The Arbitration-Litigation Paradox

62 Pages Posted: 2 Oct 2018 Last revised: 17 Dec 2018

See all articles by Pamela Bookman

Pamela Bookman

Temple University Beasley School of Law

Date Written: October 6, 2018


The Supreme Court’s interpretation of the Federal Arbitration Act is universally touted as favoring arbitration. In many contexts, such pro-arbitration decisions are viewed as supporting the Court’s more general hostility to litigation as a whole. Those pro-arbitration and anti-litigation policies appear to be mutually consistent because the Court describes the essential features of arbitration as being “informal,” “speedy,” “efficient,” and the categorical opposite of litigation.

This Article contends that the Court’s approach is not uniformly pro-arbitration. On the contrary, the Court’s pro-arbitration and anti-litigation values sometimes conflict. When they do, hostility to litigation wins. For example, consider an arbitration clause that explicitly authorizes extensive judicial review. Pro-arbitration policies favoring party autonomy would enforce the clause and allow judicial review, but anti-litigation norms would require the opposite. In that factual context and others, the Supreme Court’s hostility to litigation has overridden its support for arbitration. Such results are particularly problematic for international commercial arbitration.

The arbitration-litigation paradox is that because courts play an important role supporting arbitration, some litigation is needed in order to support arbitration. Thus, efforts to limit litigation in U.S. courts has side effects that limit courts’ ability to offer this support. Moreover, the Court’s hostility to litigation—in arbitration cases and in other seemingly unrelated contexts—has crippled U.S. courts’ ability to prioritize arbitration values such as party autonomy and flexibility in designing arbitration. This Article advocates recognizing that litigation is necessary to support arbitration even as the two compete with each other. It considers several avenues for pursuing this approach and sets the stage for further research into the relationship between arbitration and litigation.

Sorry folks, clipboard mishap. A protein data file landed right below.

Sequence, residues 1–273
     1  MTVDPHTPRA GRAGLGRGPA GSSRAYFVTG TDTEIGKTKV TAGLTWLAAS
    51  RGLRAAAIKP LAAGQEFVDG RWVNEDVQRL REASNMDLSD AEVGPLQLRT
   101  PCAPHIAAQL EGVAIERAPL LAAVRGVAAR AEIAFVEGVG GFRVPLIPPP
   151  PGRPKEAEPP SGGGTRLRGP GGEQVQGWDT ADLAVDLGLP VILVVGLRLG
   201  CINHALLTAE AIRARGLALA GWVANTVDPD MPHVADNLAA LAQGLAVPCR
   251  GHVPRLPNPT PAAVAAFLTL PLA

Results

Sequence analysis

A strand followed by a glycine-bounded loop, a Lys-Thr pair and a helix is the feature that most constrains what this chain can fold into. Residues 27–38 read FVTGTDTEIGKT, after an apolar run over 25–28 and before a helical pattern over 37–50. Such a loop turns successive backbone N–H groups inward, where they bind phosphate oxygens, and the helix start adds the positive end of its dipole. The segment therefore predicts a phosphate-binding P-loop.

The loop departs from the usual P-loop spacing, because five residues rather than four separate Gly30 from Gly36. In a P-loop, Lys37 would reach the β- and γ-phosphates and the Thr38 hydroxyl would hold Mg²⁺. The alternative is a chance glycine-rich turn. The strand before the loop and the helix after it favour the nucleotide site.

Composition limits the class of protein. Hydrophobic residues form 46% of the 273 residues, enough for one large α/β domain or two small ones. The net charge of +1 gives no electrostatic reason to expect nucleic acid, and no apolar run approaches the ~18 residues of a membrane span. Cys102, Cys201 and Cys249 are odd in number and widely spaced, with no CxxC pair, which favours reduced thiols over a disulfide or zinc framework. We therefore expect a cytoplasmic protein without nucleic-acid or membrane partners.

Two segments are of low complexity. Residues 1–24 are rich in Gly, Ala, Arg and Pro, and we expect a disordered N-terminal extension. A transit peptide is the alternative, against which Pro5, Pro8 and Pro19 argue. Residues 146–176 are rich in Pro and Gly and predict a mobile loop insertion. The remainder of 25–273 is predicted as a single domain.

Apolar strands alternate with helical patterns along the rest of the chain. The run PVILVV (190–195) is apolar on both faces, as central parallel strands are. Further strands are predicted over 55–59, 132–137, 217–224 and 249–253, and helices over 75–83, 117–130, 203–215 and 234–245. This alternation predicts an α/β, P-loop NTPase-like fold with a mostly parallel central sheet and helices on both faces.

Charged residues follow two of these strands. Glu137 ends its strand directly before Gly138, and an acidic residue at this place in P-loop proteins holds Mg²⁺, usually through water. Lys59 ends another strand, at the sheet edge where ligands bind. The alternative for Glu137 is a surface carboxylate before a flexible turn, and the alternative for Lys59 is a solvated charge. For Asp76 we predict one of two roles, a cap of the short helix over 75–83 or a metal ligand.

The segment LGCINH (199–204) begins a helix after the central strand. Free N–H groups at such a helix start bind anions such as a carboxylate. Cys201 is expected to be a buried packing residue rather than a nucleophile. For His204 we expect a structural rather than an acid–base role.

This is a draft. Comments are welcome.

Keywords: arbitration, litigation, international commercial arbitration, transnational litigation, litigation isolationism, private international law, New York Convention, contracts, civil procedure

JEL Classification: K00, K10, K12, K33, K41

Suggested Citation

Bookman, Pamela, The Arbitration-Litigation Paradox (October 6, 2018). Vanderbilt Law Review, Forthcoming; Temple University Legal Studies Research Paper No. 2018-29. Available at SSRN:

Pamela Bookman (Contact Author)

Temple University Beasley School of Law ( email )

1719 N. Broad Street
Philadelphia, PA 19122
United States

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